One of 2017's conundrums has been the non-rally in the U.S. dollar.
Here's a look at the net long position among futures speculators in the U.S. Dollar Index over the six months leading into this year:
Traders were the definition of bullish on the dollar to start the year.
Here's the index itself year-to-date:
As I've been charting here on the blog, while the setup for U.S. stocks looked good coming into the year (still does), the setup for the Euro Zone looked every bit as good, if not better (still does). While stocks and economies don't -- particularly in the short-run -- always correlate, the relative (to the U.S.) data coming from the Euro Zone of late support the setup, as well as explain the currency action.
Here's the Euro year-to-date:
Here's some of the latest soft data:
Along with the ISM Surveys (which we cover here often), the Markit PMI Surveys (monthly surveys of purchasing managers the world over. Above 50 denotes expansion) hold great sway in terms of the views of economists, as well as investors and traders.
Courtesy of Bespoke Investment Group, here's a look at the latest composite (includes manufacturing and services) as well as the services survey results by themselves:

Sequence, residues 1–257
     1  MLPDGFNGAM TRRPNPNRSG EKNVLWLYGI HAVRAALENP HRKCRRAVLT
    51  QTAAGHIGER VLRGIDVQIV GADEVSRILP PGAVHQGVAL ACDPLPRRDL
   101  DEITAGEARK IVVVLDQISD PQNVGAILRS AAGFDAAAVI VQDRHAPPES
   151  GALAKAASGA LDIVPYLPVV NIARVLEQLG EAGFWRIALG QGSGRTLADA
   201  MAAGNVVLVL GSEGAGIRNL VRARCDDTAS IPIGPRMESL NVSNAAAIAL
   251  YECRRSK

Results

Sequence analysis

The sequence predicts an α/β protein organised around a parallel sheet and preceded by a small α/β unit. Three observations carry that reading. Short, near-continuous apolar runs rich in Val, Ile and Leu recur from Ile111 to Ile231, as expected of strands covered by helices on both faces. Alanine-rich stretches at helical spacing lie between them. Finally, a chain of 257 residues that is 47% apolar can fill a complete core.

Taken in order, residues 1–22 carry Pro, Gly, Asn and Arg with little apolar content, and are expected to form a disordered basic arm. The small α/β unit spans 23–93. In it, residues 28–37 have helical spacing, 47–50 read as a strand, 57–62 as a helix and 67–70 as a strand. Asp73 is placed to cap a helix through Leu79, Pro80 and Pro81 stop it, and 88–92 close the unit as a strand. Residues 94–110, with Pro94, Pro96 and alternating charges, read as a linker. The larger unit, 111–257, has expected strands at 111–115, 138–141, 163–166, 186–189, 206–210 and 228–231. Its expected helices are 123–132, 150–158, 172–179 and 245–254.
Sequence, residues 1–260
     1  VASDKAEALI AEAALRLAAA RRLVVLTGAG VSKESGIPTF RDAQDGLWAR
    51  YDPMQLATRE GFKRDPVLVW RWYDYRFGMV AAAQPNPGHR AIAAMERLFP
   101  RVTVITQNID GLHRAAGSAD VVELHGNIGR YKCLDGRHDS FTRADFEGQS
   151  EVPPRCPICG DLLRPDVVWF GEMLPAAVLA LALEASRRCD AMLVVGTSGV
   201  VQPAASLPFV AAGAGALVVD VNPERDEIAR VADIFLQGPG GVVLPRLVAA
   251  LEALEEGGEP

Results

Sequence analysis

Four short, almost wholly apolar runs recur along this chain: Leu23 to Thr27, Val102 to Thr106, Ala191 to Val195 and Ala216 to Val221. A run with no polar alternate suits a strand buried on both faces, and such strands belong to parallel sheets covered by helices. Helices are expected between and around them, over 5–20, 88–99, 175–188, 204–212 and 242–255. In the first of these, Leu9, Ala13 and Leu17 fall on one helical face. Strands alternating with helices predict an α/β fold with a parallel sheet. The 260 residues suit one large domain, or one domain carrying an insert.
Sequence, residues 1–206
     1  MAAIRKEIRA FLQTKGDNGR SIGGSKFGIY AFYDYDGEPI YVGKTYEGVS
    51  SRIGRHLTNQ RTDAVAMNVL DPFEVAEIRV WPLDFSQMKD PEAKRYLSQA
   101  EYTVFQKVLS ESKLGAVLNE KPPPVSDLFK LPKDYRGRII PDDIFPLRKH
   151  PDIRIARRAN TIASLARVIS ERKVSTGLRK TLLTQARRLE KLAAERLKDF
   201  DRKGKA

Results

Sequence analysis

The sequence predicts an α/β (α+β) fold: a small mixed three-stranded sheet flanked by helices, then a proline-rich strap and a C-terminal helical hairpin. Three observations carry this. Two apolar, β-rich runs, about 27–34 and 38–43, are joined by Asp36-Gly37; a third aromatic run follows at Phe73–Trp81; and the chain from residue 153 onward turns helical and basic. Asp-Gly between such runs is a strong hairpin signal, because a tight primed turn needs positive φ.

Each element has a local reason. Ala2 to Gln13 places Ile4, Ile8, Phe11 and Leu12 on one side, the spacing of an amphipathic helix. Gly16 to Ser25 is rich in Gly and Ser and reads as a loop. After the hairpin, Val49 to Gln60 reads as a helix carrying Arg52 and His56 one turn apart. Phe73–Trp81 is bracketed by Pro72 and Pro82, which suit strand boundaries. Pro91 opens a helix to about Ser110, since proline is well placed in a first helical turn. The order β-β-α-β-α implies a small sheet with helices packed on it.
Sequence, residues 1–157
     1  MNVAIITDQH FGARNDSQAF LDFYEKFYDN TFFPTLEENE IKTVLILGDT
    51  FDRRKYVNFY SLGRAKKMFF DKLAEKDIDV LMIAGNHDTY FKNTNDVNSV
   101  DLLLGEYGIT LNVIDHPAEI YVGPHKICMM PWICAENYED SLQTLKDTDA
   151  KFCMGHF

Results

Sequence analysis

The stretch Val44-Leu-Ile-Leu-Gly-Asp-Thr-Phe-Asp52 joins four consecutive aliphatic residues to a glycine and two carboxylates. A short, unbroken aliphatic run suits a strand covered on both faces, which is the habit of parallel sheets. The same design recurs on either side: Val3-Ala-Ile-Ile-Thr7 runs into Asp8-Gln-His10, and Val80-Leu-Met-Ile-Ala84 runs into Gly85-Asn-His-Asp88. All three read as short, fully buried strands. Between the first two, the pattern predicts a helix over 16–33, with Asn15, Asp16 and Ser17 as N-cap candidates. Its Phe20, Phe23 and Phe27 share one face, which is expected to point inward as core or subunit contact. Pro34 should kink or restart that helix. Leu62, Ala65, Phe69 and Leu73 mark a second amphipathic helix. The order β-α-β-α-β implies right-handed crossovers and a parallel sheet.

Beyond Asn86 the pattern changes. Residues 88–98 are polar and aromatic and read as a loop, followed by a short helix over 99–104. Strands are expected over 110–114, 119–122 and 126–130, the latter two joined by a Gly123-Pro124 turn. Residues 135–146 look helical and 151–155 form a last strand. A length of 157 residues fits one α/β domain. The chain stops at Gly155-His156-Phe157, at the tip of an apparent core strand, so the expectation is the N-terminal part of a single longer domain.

From Markit itself, here's a chart of the move in the Euro Zone's retail sector PMI. I look for the consumer spending line to follow:
And, lastly, this morning's U.S. jobs number came in at 211k, besting estimates by 26k. Now this is the kind of thing that tends to boost a currency. And, as it should've, the dollar rallied on the news. However, as I type it's taking it back, and some.
Clearly, in the near-term, currency traders see better opportunity outside the dollar But, I must warn you, they are a fickle bunch!
Have a nice weekend!
P.s. A weakening dollar isn't necessarily bad for our portfolios...